This was a renewed application by the claimants for permission to proceed with a judicial review challenge to the Health and Social Care Act 2008 (Regulated Activities) (Amendment) (Coronavirus) Regulations 2021, which requires a registered person who runs a regulated activity in a care home to ensure that any person entering the premises has been vaccinated, unless for clinical reasons that person is exempt.
These new regulations regarding the mandatory vaccination of care workers came into effect on 11 November 2021. The claimants, both employed by care homes, challenged the legality of these regulations (passed under the Health and Social Care Act 2008). Whilst the claimants accepted that the 2021 Regulations fell within the scope of the 2008 Act, they argued that s.45E of the Public Health (Control of Disease) Act 1984 was engaged and, when the provisions are read together, s.45E precludes Regulation 5(3)(b). Section 45E provides that Regulations made under s. 45B or s. 45C may not include provision requiring a person to undergo medical treatment.
They based their claim on the argument that the effect of the 2021 Regulations was to mandate vaccination and that mandate was precluded by Section 45E of the Public Health Act.
Whipple J did not agree with that submission, or even consider it arguable. Section 45E says that no person can be compelled to undergo medical treatment, but that is not, on a proper understanding, the effect of the 2021 Regulations, which do not mandate vaccination.
The way they work is that the individual retains the autonomy to decide whether to be vaccinated or not; the 2021 Regulations impose a consequence, depending on the choice a person makes, and preclude someone who has chosen not to be vaccinated from taking up work in a care home unless they come within an exempted category, which neither of these claimants does.
She therefore concluded that this was not a situation where Section 45E was “even arguably engaged”.
The judge also rejected the arguments that any gap between the prohibition on mandatory treatment under Section 45E and the 2021 regulation (prohibiting unvaccinated workers in care homes) could be “bridged” by Article 8 of the Convention. This proposition was, in her view, also unarguable.
She then moved to the second ground of their claim. Both claimants argued that the defendant had made insufficient enquiry and had ignored relevant considerations – in other words, a challenge of irrationality. The core of this argument was that the government had been wrong to introduce the 2021 Regulations, given the state of science about Covid infections, and given the available alternatives for protecting people in care homes from COVID-19.
The alternatives put before the court, were, inter alia, allowing unvaccinated care workers to continue in employment if 80% of other care workers had been vaccinated; or that the government should have considered natural immunity as an alternative to vaccinated immunity and that those who had had Covid should have been exempted from the requirement of acccinations.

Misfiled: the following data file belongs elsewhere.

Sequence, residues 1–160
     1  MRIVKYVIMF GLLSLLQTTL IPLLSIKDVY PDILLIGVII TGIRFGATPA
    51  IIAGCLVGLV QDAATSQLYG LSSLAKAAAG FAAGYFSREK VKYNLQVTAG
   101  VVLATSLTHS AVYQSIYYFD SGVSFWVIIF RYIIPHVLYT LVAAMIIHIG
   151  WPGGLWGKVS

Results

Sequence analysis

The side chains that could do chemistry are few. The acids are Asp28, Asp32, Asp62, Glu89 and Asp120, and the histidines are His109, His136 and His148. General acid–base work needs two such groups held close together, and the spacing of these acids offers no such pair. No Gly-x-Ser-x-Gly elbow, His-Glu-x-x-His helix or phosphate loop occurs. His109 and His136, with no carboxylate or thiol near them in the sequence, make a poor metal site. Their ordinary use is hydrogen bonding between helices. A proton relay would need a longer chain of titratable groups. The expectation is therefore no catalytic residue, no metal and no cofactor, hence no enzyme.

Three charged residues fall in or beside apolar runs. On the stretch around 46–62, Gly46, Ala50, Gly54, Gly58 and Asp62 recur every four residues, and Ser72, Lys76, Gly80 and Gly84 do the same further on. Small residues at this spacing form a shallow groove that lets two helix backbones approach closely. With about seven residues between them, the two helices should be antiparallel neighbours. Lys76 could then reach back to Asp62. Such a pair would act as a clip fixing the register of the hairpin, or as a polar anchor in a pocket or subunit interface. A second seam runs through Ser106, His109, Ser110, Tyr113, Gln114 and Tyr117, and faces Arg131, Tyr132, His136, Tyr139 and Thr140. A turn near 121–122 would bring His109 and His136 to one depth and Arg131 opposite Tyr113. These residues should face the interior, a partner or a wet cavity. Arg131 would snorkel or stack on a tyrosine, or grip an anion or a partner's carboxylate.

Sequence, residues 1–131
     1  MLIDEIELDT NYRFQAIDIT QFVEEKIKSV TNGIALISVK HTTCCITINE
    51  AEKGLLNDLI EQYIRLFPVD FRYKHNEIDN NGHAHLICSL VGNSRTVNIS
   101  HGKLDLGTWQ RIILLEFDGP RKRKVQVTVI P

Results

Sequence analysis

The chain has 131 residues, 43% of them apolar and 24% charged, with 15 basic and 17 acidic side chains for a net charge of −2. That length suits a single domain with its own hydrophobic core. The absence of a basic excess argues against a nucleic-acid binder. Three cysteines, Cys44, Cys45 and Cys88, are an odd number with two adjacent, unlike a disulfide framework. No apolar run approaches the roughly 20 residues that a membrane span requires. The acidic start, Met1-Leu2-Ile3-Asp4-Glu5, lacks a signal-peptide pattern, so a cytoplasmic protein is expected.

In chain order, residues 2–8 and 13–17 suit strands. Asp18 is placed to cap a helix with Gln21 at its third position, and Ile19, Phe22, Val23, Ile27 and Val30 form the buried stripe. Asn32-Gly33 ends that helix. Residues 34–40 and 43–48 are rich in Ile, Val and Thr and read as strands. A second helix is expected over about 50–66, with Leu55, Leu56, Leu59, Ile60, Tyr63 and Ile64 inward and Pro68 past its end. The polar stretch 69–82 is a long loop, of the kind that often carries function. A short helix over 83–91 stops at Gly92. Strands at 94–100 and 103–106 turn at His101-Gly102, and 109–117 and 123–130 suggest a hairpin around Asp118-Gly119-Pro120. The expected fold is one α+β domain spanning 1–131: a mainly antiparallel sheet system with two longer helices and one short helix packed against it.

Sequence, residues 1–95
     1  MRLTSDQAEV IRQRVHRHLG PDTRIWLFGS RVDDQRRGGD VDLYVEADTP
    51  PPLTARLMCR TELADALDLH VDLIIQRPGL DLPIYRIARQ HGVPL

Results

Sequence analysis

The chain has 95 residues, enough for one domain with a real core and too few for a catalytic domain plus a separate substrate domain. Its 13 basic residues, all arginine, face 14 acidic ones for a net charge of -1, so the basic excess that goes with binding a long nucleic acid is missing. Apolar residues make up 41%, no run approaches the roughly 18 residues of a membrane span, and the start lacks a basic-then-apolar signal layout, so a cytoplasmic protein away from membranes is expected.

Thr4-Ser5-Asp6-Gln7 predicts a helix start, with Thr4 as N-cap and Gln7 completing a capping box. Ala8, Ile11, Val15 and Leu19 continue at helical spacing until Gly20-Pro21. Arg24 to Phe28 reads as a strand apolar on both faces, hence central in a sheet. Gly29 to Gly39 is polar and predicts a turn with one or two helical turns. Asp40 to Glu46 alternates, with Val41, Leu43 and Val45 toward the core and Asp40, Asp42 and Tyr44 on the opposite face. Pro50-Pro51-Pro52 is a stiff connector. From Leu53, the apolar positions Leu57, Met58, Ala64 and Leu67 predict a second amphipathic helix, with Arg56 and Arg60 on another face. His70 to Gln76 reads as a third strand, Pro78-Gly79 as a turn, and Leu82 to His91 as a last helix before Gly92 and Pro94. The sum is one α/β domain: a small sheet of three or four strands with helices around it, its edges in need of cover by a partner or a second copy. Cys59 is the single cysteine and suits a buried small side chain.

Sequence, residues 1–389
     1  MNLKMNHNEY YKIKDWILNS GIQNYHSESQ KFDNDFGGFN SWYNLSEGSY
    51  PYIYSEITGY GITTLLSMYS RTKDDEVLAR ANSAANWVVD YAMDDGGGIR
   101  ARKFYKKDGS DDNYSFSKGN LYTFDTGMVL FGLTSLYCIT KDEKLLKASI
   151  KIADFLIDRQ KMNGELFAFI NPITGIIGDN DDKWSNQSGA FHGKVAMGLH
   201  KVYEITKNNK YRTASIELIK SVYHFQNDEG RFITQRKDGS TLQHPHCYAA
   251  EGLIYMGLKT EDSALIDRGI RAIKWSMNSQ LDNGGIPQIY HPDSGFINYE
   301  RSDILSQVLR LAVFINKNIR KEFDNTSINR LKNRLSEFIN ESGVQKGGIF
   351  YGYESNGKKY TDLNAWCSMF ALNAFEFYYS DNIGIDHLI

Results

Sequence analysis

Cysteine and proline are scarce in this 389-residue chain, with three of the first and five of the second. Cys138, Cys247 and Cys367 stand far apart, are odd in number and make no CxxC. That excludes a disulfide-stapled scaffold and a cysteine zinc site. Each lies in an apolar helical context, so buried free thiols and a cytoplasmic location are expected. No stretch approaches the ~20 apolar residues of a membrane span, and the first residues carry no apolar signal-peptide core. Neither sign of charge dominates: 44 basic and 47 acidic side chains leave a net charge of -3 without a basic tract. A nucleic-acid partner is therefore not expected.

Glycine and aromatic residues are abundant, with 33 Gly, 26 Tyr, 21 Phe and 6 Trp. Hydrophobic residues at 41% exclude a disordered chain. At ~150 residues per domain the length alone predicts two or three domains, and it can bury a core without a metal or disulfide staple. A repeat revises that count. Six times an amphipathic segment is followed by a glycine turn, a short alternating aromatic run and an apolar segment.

Looking at the purpose of the 2021 Regulations, the judge emphasised that the aim of this instrument was “to reduce the spread of COVID-19 in care homes, in order to protect care home residents who are vulnerable to COVID-19.
legislative choice to require those who work in care homes to be vaccinated was made on the basis of data about COVID-19, as it affects residents of care homes, bearing in mind their vulnerability, and it was based on the scientific advice provided by SAGE. I do not accept that it is arguable that the Government erred in law, by failing to adopt a different strategy or gather different evidence or pay more regard to some of the competing voices in this debate. There is, undoubtedly, a discretion afforded to Government – a broad discretion – to determine policy decisions of this nature. These are high-level public health policies.
As to natural immunity, there was inadequate evidence that those who have had COVID-19 both in terms of the duration and extent of any immunity as compared to those who have received vaccinations.
Whipple J concluded that both the main grounds of the claimants’ argument were about political and social choices made by Government and did not raise issues where the court has a legitimate role.
She therefore refused permission for those grounds.
As to their argument that the Regulation gave rise to a breach of Article 8, this was answered in a large part by the case of Vavřička v. Czech Republic:
if children can be barred from school because they are not vaccinated, as was the circumstance of that case, it must follow, by analogy, that there is no breach of Article 8 to legislate so that workers, who are not vaccinated, can be prevented from working in care homes.
In any event the government would have a wide margin of discretion in implementing any measure in order to protect care home residents, again bearing in mind the essentially political and social decision at issue, which is based on complex scientific and social evidence…
Any discrimination [under Article 14 ECHR] which could be shown to exist, and that in and of itself is a doubtful proposition, would surely be justified in the context of a pandemic and in the context of an urgent need to protect care home residents from COVID-19. Again, the breadth of the discretion afforded to Government in these circumstances is confirmed in many cases decided by the domestic and Strasbourg courts.
The post Mandatory vaccination for care home workers not unlawful nor in breach of ECHR appeared first on UK Human Rights Blog.